media attention

4 Ways to Get Your Startup Media Attention for Free

As entrepreneurs and startup founders, it’s important that you know how to get media attention. After all, the more eyeballs you have on you, the more chances of getting paid. Additionally, getting media attention helps you build your credibility.

I’m going to let you in on a little secret about getting media attention, which is based on my many years of experience as a writer and blogger: believe it or not, it’s not that difficult to get media attention. Especially not in today’s day and age when you have the internet at your fingertips.

It wasn’t until recently that I began paying another company to help with my public relations. It’s not just me, either. My students and coaching clients do it themselves, as well. One of my students also recently got featured in NYLON and a nod from the Vogue Australia editor thanks to what I taught her about getting media attention.

Here’s exactly what I taught her so that you, too, can get media attention for your startup:



Keep your pitches short and simple

In the case of my student, she was sent a lead from a writer who was looking for a sustainable fashion expert. This is exactly what my student’s company focuses on, but she still had to prove her expertise to the writer.

The secret to writing pitches to writers is to keep them short and simple. You have to keep in mind that writers are on extremely tight deadlines. If you’re too wordy, they won’t read your pitch because, quite frankly, they don’t have the time.

You want to let them know off the bat that you know your stuff. A couple of short paragraphs is usually enough to get your message across. From there, you can attach a media kit and a link to your website if they’d like to research you further.

After helping my student write this pitch, she heard back from the writer within 24 hours. She successfully proved that she was the right person without writing three pages worth of content.

Befriend writers and producers

If you really want to increase your chances of being quoted in the media, start befriending writers and producers. How exactly do you tackle this?

The best method I have found is to attend conferences and events. For example, I often get quoted in financial and business media outlets because I’ve met so many finance content creators through The Financial Blogger Conference. A couple of weeks ago, I attended Hispanicize and met countless editors and producers in Latin media. By attending events, putting yourself out there and networking, you increase your chances of making a connection that will prove to be valuable down the line.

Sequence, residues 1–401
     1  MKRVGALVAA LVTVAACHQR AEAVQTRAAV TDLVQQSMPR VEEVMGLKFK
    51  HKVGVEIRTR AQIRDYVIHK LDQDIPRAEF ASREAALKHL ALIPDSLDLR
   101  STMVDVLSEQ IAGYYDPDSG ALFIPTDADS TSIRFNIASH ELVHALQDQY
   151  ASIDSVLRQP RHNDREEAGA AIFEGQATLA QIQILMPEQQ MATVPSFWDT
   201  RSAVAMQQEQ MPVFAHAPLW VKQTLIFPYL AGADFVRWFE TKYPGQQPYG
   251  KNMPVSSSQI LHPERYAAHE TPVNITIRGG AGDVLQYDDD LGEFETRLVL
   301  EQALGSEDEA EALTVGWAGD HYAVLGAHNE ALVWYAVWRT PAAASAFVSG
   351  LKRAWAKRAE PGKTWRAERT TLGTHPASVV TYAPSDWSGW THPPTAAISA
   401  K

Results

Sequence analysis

Have an angle

If you want media attention, you need an angle. What’s your unique viewpoint? What about your story is interesting? What new perspective can you provide on a topic?

For example, I get a lot of attention because I’m Latina and there aren’t many Latina personal finance experts out there. This makes me unique in the marketplace because I can provide a different viewpoint based on my experience. What’s yours?


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Know your story

Many people don’t know this, but I have my Bachelor’s Degree in English Literature. Because of this, I can spot a good story from a mile away, and I can put a good story together pretty quickly.

Most business owners don’t know how to put together a good story, but the reality is, a good story is a part of what gets you media attention. I graduated into the Great Recession, couldn’t find a job and started writing personal finance articles to teach myself money. Fast forward a few years and I’ve built a six-figure business as a writer, influencer, consultant and thought leader.

Here is something else I’ve noticed: the entrepreneurial stories that perform best have the same common themes and are pretty universal. It’s usually something you don’t expect (i.e. English lit major turned finance blogger) or some sort of hero’s journey in which the hero faces adversity and overcomes it.

Final thoughts

These are the main elements of getting media attention for free. As a bonus, I would encourage you to consistently publish content to your startup’s blog, social channels, etc. You never know who is watching online, and building up a portfolio of work is an easy and free way of showing your expertise over time.

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